By Alan Brochstein
Summers are usually tough on OTC stocks, and, by extension, the cannabis sector, as almost all of the stocks trade on the OTC, which sees volumes typically fall during the vacation season. 2016 is likely to be different for cannabis stocks, though, as the election season should be a major draw for speculative traders. We saw minor rallies in 2015, when Ohio voted on legalization (failed), and in 2014, when Alaska, Oregon and Washington, D.C. voted on legalization (all passed) while Florida voted on medical cannabis legalization (failed). In both years, the sector experienced positive returns in October, suggesting that traders set up in advance of the elections.
Cannabis stocks have finally emerged from a severe downturn. After a collapse of 97% from the peak in March 2014 to the trough in February 2016 as measured by the 420 Investor Cannabis Stock Index, prices have shown signs of life over the past few month. Through May, the index is roughly unchanged in 2016 at 38.09, which is down 3.0%. For some perspective, here is how the market has performed in 2016, with a very solid 63% move from the lows in February to the peak in April:
This election season looks to be the biggest one ever in terms of the populations of the states involved. While not all of these are definitive, there are likely to be ballot initiatives for full legalization in California, which has more than twice the residents of legal states Alaska, Colorado, Oregon and Washington combined, as well as Arizona, Maine, Massachusetts, and Nevada. Each of these states already has a medical program in place. Florida will again be voting on medical cannabis. It's a presidential election, so there is likely to be significant media attention on these state votes. Additionally, the legalization movement, which has so far been limited to the West, could take hold in the East, where states are more populous and close together, suggesting a potential tipping point for the legalization movement. Already more states have medical cannabis programs than those that have none.
If one accepts the premise that traders will focus on the cannabis sector, it's important to nail down the timing. At 420 Investor, I have long been suggesting that the trade will start much earlier than November, perhaps in early September. I have noticed a trend over the past three years that I have been following the cannabis sector that suggests an interim trough in the market may actually occur in mid-August, when the companies on regular calendar year-ends report their Q2 financials. These reports are typically met with negative responses, as traders/investors see the lack of fundamental progress. The important point is that the time to sell not buy will be in November. Yes, sell the news, even if it is good.
So, now having established that there will likely be an event-driven trade in the cannabis sector and that one should likely position well in advance, the obvious challenge is to figure out what to buy. There is no cannabis sector fund or ETF, so one will have to pick stocks. Typically these election trades work best in the more liquid names, which have tended to be the same old names with the cute tickers like "ERBB", "HEMP" or "MJNA", but, fortunately, are a lot broader these days. In fact, some of the companies that I think stand out against the sector in terms of their potential have achieved greater liquidity than in 2015. I expect that traders will look for a pattern of good trading volume but also stock prices that aren't at their lows but are far from their highs. So, the inflows are likely to be somewhat broad, but there are some companies with higher than average quality that I will be focused on, as I expect that they will participate in the trade.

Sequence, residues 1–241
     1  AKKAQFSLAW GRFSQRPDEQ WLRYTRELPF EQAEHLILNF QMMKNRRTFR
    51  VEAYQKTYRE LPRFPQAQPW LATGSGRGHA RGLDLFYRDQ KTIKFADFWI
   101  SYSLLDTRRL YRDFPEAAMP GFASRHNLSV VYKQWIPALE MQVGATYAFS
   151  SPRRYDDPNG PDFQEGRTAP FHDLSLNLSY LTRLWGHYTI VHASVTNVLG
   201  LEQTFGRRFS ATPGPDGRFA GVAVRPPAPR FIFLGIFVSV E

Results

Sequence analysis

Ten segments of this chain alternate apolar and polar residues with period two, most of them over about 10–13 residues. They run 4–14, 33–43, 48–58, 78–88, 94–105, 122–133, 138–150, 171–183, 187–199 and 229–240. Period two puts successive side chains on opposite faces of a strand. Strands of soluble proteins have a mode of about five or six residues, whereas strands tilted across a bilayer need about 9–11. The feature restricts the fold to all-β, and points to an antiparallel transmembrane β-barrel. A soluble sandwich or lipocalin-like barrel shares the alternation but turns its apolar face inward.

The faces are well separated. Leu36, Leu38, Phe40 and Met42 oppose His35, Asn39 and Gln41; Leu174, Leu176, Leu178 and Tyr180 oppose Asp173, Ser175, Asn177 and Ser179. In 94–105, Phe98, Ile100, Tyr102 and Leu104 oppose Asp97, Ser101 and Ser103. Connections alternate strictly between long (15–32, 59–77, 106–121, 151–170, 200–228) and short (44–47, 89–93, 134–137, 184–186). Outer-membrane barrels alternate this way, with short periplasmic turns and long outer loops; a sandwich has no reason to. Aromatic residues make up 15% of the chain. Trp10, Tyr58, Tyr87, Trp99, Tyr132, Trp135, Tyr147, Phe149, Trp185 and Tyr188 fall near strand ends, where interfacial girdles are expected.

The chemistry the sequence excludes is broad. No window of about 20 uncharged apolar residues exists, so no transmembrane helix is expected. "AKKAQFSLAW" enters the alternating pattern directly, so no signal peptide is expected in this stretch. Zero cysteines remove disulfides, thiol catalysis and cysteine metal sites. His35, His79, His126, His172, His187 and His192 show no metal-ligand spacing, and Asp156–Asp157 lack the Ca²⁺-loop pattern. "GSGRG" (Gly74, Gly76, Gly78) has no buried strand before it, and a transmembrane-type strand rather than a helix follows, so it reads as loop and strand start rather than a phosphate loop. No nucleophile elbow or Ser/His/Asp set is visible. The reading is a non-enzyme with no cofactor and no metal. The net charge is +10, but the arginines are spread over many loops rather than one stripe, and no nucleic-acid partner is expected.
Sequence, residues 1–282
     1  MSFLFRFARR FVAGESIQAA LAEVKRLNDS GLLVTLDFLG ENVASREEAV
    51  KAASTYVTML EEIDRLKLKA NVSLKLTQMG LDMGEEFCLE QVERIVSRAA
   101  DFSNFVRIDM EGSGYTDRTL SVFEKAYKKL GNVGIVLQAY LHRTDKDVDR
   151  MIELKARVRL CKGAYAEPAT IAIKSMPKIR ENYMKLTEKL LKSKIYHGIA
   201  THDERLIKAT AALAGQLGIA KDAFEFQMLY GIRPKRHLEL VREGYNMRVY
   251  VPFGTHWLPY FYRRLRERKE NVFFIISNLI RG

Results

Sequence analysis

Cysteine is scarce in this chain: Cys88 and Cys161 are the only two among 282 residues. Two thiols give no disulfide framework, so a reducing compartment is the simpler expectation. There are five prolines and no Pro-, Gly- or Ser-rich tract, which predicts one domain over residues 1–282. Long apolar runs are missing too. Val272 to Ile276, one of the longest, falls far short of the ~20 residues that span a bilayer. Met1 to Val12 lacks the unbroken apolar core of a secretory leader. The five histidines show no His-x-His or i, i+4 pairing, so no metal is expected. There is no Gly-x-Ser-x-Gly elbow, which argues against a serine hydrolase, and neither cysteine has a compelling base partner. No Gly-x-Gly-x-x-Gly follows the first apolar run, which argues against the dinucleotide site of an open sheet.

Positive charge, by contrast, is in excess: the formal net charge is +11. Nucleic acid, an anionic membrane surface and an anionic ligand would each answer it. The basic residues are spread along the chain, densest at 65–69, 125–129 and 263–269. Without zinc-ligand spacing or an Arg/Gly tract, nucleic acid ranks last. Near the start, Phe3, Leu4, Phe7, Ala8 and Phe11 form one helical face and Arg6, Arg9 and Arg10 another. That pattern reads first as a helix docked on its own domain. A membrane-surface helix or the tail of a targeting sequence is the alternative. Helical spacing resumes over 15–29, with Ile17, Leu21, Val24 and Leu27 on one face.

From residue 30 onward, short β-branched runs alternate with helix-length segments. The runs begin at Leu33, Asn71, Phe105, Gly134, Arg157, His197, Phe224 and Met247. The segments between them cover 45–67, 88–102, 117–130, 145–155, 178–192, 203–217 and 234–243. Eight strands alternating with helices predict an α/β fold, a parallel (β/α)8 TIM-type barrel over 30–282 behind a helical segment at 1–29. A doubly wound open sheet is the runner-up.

One name in particular that I find interesting is Terra Tech (OTC:TRTC), which has great positioning for the elections as it operates in California and Nevada, both of which are likely to not only be on the ballot but to also get approved by the voters. TRTC certainly has liquidity, but the stock is already up substantially in 2016, though it has pulled back from the April highs. This stock is likely to be very volatile and is one to watch in the Summer for potential entry.
Make no mistake about cannabis stocks: They are extremely speculative. The legal cannabis industry is performing well, but the stocks, for the most part, don't really reflect the underlying industry. The market seems to be finally figuring this out, so the liquidity is starting to improve in some of the higher quality names that have struggled to resonate with traders. The big trade I envision in the Fall is likely to benefit some of the same old scoundrels that have been trading for years but making no progress but also some of the names with relatively higher quality.
Editor's Note: Alan Brochstein, CFA, began his career as a bond trader in NYC in 1986 with Kidder, Peabody and worked with CS First Boston and Criterion investments until transitioning to equities as a analyst/portfolio manager in 2000. In 2007, he began AB Analytical Services, where he provided research and consulting to several investment advisors while also becoming one of the most popular contributors at Seeking Alpha. In 2013, Alan launched 420 Investor, an online community focused on publicly-traded companies in the cannabis sector, and, more recently, he began New Cannabis Ventures, a news & information platform that highlights the most promising companies and influential investors in the cannabis industry.
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